Wow, where do we possibly begin with this game? Off of one of the most underwhelming performances in the last three years, the Raiders bounce back with an inspired effort to shock Pittsburgh 34-31 Sunday afternoon.
Darren McFadden's 113-yard performance, buoyed by a 64-yard romp on his first carry will be what dominates the stats for the Raiders.
I stated that the Raiders would not be able to sustain drives against the Steeler defense. I was obviously wrong. Palmer kept throws in the intermediate range and wound up 24/34 with three touchdowns.
There have been games in his Raider stint where the numbers looked better, but Palmer has not played better since his arrival. His lone mistake was the product of Denarius Moore falling on the infield dirt, leading to a Ryan Clark interception.
Defensively, the Raiders did manage to shut the Steeler running game down (54 yards on 20 carries). However, for most of the game, they were shredded by Roethlisberger, who hit passes in all situations on his way to four touchdowns.
That said, the Raiders made plays in the fourth quarter when necessary. A pass to Antonio Brown was completed, but Pat Lee made a nice strip and after a little hot potato, Phillip Wheeler recovered.
Then, the Raider defense rose up to stop the Steelers' last drive with their lone sack (Richard Seymour) and pressure from Miles Burris to force an errant throw.
By no means was the defense good overall. But in classic Raider fashion, plays were made with the game on the line. Not in classic Raider fashion, the team was once again highly disciplined, committing only three penalties for 25 yards.
By not beating themselves, Oakland was able to make plays to win its first game when trailing by 10+ points to start the fourth quarter since week two of 2003.
Credit must be given to a couple of unsung players. First, Philip Wheeler was fantastic. He made 11 total tackles and stopped a couple of series with great technique, something the defense has lacked in recent seasons.
But a player no one really saw today was great overall. Willie Smith replaced injured Khalif Barnes and played a very solid game. His block helped spring McFadden's long touchdown and he kept the Steelers' blitzes at bay for the bulk of the game.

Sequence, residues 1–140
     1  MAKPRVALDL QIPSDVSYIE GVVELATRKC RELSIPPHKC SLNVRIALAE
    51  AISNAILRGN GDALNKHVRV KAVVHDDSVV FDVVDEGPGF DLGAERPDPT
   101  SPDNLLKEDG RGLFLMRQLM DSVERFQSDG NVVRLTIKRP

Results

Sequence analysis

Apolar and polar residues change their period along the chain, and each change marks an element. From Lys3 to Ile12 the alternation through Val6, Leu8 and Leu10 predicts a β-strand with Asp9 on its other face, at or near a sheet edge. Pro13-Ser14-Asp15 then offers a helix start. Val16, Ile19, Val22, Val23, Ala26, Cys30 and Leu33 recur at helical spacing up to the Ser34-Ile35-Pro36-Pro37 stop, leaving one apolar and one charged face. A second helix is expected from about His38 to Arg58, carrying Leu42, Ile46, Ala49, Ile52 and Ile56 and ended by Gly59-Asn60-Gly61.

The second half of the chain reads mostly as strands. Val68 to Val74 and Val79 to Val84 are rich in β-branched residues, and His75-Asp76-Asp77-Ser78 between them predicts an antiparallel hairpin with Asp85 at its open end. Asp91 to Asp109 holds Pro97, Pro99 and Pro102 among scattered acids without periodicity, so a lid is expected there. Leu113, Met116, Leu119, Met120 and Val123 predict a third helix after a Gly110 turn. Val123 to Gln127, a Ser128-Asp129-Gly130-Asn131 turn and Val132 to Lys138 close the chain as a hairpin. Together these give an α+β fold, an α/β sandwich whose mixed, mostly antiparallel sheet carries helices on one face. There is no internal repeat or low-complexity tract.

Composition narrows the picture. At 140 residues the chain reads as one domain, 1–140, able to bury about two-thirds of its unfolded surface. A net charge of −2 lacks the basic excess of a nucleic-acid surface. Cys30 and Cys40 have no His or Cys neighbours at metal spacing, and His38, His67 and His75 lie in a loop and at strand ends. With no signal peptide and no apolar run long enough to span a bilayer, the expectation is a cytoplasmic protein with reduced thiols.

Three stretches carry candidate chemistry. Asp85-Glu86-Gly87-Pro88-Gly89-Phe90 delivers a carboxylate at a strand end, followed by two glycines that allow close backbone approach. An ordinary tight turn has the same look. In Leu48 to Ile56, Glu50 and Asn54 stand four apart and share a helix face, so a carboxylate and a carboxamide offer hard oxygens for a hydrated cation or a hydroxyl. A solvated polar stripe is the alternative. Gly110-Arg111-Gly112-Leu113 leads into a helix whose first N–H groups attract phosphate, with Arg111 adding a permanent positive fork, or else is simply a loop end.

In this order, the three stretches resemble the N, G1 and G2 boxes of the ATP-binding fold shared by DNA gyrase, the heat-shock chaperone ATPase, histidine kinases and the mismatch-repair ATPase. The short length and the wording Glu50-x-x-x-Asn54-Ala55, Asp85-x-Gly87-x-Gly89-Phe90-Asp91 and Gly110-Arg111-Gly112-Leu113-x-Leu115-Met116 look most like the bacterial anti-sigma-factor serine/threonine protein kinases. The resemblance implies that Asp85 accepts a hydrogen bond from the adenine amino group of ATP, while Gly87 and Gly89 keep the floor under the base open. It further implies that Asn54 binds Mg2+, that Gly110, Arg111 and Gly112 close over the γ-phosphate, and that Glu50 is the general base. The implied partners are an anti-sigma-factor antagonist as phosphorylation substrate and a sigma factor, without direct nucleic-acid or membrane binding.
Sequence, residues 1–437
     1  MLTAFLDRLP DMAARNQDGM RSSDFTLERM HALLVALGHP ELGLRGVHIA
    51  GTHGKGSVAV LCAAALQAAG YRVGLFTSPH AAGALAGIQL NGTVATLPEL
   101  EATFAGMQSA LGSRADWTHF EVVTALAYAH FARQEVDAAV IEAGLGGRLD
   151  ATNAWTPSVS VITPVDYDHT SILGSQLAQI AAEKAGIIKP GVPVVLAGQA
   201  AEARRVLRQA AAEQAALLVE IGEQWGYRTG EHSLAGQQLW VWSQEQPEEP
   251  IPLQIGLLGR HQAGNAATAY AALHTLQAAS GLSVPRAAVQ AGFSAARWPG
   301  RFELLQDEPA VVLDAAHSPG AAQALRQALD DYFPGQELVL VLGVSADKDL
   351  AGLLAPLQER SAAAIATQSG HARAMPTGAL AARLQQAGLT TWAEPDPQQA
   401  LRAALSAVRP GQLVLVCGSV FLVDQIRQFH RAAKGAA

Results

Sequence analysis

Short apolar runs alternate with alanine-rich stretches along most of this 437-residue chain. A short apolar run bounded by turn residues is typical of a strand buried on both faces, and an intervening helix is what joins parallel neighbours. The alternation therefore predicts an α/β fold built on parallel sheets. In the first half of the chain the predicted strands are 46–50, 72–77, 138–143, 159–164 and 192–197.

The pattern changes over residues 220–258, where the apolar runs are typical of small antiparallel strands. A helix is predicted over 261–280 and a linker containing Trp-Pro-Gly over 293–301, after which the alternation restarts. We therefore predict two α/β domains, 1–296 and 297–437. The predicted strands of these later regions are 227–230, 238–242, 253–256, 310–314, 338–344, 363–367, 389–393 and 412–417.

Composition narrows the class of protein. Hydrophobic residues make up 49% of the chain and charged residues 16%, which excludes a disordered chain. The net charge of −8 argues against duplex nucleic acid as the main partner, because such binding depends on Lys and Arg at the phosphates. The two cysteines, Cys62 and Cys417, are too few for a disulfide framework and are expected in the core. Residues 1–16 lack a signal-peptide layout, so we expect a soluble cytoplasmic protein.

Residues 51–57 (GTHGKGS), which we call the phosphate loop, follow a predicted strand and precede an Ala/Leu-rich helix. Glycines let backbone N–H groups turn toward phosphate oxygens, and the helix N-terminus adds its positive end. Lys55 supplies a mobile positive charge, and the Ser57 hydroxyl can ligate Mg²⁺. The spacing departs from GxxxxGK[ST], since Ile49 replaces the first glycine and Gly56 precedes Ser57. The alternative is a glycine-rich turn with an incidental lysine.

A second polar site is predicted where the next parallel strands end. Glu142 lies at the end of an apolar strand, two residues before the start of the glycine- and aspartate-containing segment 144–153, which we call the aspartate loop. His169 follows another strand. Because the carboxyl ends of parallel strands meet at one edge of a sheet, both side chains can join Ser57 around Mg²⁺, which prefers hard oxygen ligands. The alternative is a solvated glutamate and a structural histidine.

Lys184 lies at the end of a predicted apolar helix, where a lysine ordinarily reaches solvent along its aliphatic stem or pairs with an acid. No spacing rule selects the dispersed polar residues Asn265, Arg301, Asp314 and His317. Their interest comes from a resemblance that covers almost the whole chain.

Although I have discussed them, let's recap my five keys to the win and how they wound up shaking out.
First, I said the Raiders needed to minimize negative plays. Briefly, I define negative plays as running or passing plays that amount in losing yardage, sacks, runs of over 10 yards, botched special teams plays and passes over 20 yards.
I said the Raiders needed to have less than half of the 12 they averaged in the first two weeks. Against the Steelers, the Raiders had nine. However, one was the Brown catch that resulted in a turnover and a Palmer kneel down to set up Sebastian Janikowski's game winning field goal. So definitely an improvement.
Next, the Raiders needed to make Pittsburgh one-dimensional. After 20 carries and 54 yards allowed, I'd say mission accomplished. Even though the Steelers came out throwing early and often, when they tried to catch Oakland off guard, the Raider defense was prepared.
That was crucial in the fourth quarter as Pittsburgh essentially abandoned the run game on the last two series as a result of its ineffectiveness. Now, time to take that show on the road.
The No. 3 key was solid special teams. Janikowski made both his field goals, including the game-winner. Shane Lechler averaged 51.6 yards per punt and while Antonio Brown did have a great return for a touchdown called back, the Raiders' coverage teams were better.
The biggest bonus was a pair of very good kick returns by Mike Goodson (51 yards that led to a touchdown) and Marcel Reece (36 yards). Another improved area.
I said the Raiders needed to make at least three big plays on offense (30+ yards) to win. They had zero and won. Palmer's accuracy was impeccable for the most part. Nine players caught at least one pass, none longer than 18 yards.
It was a fantastic job by the offensive line and Palmer being definitive with his throws and getting some solid catches by a beleaguered receiving corps. Speaking of which, I'd be remiss if I didn't wish a clean bill of health to Darrius Heyward-Bey.
DHB was knocked unconscious on a vicious helmet-to-helmet hit from Ryan Mundy that went unpenalized. Thankfully, he could move his extremities and gave a thumbs up as he was carted out of the stadium.
Lastly, I said the Raiders needed to force turnovers. They forced two and they were both humongous. They led to 10 points and in the case of the Brown fumble, probably even more as Pittsburgh was primed to score themselves.
Even more encouraging, they had another pair of forced fumbles that were nearly recovered. When a team has troubles getting stops, there is no better deodorant than turnovers.
It is very premature to make more of this game than what the game meant in and of itself: A single regular season victory.
But the Raiders showed a fight that was lacking in Miami and dissipated in the nightmarish second half against San Diego. The run game improved and more importantly, the Raiders showed they could move the ball methodically for the first time this year. It is just a start, but all first wins are.